Weight Loss Follow-Up: Loving Yourself at Any Size
Kathrine had kept the weight off for seven years, but after she met her future husband, she says the pounds began creeping back. "When love came in my life again, I got on birth control when we got married and gained 20 pounds. I had never had a chemical weight gain," she says. "Then I got off birth control and got pregnant, and then I gained more weight."
Kathrine says regaining the weight was harder than being overweight in the first place. "I felt like a fraud," she says. "I was in the industry. I was teaching on the subject, and now I was doing exactly what I knew not to do."
Looking back, Kathrine says her biggest mistake was not losing the weight for herself. "I made it about everybody else. I was either doing it for them or to get a reaction from them," she says. "The obsession or the running to food got replaced with people's attention. It got replaced with the motivation of other people saying great job."
Kathrine says she was even convinced her weight would make her husband leave. "I was still in the cycle of 'only if I'm thin am I lovable,'" she says. "'Only if I'm thin am I okay.'"
Though her husband's love never wavered, Kathrine's self-respect had all but disappeared. "I'd wake up in the morning and I thought, 'I hate myself,'" she says. "And of course, guilt would come on because I have such a great life and great family."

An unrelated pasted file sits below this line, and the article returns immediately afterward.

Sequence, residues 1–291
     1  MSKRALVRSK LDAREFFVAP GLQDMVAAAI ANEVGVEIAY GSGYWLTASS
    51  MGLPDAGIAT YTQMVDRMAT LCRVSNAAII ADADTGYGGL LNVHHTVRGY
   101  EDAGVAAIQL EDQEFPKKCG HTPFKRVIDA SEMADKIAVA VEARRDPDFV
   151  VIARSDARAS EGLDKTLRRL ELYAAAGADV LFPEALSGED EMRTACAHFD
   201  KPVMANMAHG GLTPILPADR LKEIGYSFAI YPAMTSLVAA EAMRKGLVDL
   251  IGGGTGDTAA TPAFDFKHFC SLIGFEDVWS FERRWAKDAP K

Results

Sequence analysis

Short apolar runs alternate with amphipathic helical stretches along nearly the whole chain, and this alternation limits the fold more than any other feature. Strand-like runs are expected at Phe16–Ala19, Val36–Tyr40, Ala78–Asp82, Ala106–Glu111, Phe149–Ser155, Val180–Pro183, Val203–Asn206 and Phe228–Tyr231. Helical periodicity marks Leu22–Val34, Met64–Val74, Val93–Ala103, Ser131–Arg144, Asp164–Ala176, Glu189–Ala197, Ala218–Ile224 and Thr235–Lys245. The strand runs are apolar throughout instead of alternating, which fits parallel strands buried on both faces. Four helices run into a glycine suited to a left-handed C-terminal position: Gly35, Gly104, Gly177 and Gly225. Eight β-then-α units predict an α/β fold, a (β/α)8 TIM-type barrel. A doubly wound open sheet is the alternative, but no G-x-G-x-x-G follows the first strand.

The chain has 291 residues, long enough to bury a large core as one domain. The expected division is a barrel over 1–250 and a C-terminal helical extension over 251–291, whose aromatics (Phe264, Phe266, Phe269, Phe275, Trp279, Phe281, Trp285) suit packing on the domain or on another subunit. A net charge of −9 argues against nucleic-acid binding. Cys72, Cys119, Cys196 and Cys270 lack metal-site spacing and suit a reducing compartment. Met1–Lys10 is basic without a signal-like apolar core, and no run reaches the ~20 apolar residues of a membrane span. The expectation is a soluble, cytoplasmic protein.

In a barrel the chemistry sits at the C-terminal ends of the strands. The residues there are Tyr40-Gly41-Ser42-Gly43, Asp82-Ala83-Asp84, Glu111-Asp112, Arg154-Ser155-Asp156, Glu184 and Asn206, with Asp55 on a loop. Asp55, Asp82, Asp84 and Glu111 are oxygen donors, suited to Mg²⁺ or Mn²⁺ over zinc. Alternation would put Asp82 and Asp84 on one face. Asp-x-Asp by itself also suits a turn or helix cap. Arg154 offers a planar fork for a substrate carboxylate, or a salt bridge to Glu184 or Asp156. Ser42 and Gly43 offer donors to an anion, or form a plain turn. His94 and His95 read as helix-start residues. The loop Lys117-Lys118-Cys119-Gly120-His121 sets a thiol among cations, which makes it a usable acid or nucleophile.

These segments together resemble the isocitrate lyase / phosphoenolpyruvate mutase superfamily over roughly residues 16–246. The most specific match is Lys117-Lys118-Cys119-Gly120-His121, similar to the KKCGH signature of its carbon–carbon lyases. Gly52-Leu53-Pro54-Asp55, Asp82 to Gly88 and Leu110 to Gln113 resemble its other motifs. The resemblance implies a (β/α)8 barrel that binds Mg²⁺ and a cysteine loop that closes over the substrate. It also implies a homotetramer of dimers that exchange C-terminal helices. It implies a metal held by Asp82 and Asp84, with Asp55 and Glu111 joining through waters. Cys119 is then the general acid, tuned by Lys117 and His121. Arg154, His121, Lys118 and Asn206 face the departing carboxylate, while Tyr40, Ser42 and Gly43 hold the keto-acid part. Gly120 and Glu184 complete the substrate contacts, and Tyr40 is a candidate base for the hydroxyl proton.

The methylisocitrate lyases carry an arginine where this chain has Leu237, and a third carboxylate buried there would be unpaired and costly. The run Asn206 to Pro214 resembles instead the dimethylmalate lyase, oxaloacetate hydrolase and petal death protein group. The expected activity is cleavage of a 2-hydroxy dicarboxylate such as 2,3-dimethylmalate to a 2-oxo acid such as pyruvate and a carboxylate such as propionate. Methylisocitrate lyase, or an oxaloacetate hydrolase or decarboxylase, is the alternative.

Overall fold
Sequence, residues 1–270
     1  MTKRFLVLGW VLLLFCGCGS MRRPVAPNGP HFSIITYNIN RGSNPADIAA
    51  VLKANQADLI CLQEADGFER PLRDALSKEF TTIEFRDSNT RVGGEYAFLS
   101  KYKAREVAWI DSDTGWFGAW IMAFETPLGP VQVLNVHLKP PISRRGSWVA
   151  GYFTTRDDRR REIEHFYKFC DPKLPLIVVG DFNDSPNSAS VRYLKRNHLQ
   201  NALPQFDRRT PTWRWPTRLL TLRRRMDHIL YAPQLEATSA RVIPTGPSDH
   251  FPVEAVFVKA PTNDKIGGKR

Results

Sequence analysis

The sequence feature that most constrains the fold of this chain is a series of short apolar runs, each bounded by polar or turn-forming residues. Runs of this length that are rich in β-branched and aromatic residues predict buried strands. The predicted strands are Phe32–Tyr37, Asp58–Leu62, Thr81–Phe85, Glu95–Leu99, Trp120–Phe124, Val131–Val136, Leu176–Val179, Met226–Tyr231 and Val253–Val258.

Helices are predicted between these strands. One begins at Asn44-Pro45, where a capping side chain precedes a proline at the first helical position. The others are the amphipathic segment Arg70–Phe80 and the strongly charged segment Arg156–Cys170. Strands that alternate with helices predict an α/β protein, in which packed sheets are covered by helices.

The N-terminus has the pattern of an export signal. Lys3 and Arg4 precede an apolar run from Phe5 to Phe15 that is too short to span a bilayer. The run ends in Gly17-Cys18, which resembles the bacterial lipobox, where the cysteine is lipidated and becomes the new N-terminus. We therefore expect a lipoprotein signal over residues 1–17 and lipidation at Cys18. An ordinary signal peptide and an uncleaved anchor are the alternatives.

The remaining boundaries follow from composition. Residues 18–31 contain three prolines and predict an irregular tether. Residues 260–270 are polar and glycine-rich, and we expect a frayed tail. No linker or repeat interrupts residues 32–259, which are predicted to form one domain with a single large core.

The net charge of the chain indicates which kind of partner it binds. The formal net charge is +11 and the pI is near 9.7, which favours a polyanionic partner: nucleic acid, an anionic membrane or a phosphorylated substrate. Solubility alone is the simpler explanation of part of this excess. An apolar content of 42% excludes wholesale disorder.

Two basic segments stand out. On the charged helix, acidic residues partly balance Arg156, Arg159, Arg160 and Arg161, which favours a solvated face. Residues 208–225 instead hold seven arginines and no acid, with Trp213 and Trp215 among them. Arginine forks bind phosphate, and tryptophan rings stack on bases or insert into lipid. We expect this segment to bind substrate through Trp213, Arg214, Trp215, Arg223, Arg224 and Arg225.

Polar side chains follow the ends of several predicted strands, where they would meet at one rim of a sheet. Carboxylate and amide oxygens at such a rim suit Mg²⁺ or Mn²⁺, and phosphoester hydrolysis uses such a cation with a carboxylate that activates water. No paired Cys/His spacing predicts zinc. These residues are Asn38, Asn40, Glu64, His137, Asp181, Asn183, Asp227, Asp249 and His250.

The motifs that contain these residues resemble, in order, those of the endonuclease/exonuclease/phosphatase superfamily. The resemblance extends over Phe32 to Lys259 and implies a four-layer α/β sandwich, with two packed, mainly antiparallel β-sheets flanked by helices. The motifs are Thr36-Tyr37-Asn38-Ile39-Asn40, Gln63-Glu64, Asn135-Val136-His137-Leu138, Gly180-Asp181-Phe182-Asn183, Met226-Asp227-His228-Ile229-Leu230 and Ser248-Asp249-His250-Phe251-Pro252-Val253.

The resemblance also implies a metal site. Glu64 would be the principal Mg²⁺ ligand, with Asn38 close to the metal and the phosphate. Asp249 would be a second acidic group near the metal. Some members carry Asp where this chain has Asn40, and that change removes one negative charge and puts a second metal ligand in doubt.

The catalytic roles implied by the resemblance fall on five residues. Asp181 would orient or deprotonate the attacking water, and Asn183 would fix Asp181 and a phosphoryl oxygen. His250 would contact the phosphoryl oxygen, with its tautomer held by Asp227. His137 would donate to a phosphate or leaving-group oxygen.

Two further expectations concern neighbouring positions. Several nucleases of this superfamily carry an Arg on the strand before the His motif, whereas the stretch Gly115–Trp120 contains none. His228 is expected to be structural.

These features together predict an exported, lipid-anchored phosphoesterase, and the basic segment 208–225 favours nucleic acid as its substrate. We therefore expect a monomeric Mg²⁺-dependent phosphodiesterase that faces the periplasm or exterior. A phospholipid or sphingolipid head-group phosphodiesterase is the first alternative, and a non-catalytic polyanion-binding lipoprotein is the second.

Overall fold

Read an excerpt of Women, Food and God.
Kathrine made the life-changing decision to love herself—no matter her weight. Since then, she's lost 100 pounds. "I was excited when I went from a 28 to a 26. I felt valuable because I know who I am. I know that I'm so much more than my weight. My value is not fluctuating with my size," she says. "These hips are what birthed my children. These hips are what take me from here to there to love people and care about people and love right where I was, love who I was."
Kathrine has stopped hiding and even returned to teaching. "I'd look out [at my class] and think, 'Why do they want to learn from me?' And then I'd say: 'Because you're smart. Because you're kind. Because you're authentic. Because you have wisdom,'" she says. "And they felt the same way about me—and I was 300 pounds at that time."
When she walked across Oprah's stage in 2002, Kathrine said, "I like me now." Looking back, Kathrine can now proclaim something her former self never could. "I couldn't say, 'I love me now.' ... The 'now' [was] the fact that it was now that I had lost the weight," she says. "Now it's just: 'I love me. I'm valuable.'"
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